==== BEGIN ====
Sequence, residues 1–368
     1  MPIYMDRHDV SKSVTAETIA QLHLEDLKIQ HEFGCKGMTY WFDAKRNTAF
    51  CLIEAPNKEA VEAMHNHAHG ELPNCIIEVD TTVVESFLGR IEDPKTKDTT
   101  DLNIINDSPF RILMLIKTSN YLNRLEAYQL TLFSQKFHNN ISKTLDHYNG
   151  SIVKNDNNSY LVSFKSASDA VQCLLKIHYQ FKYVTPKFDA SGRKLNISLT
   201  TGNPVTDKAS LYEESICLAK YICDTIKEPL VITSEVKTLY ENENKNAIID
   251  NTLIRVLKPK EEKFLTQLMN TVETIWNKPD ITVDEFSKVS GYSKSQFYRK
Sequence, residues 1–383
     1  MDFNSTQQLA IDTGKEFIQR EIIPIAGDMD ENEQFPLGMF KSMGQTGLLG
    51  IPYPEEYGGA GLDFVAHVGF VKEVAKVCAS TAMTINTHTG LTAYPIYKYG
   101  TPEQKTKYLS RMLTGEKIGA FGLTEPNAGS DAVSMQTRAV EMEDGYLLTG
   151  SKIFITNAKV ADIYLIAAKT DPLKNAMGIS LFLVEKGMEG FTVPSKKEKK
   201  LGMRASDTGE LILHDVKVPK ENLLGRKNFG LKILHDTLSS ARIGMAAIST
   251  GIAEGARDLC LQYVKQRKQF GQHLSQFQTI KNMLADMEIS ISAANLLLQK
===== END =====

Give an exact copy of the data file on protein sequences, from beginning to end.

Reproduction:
Sequence, residues 1–368
     1  MPIYMDRHDV SKSVTAETIA QLHLEDLKIQ HEFGCKGMTY WFDAKRNTAF
    51  CLIEAPNKEA VEAMHNHAHG ELPNCIIEVD TTVVESFLGR IEDPKTKDTT
   101  DLNIINDSPF RILMLIKTSN YLNRLEAYQL TLFSQKFHNN ISKTLDHYNG
   151  SIVKNDNNSY LVSFKSASDA VQCLLKIHYQ FKYVTPKFDA SGRKLNISLT
   201  TGNPVTDKAS LYEESICLAK YICDTIKEPL VITSEVKTLY ENENKNAIID
   251  NTLIRVLKPK EEKFLTQLMN TVETIWNKPD ITVDEFSKVS GYSKSQFYRK
Sequence, residues 1–383
     1  MDFNSTQQLA IDTGKEFIQR EIIPIAGDMD ENEQFPLGMF KSMGQTGLLG
    51  IPYPEEYGGA GLDFVAHVGF VKEVAKVCAS TAMTINTHTG LTAYPIYKYG
   101  TPEQKTKYLS RMLTGEKIGA FGLTEPNAGS DAVSMQTRAV EMEDGYLLTG
   151  SKIFITNAKV ADIYLIAAKT DPLKNAMGIS LFLVEKGMEG FTVPSKKEKK
   201  LGMRASDTGE LILHDVKVPK ENLLGRKNFG LKILHDTLSS ARIGMAAIST
   251  GIAEGARDLC LQYVKQRKQF GQHLSQFQTI KNMLADMEIS ISAANLLLQK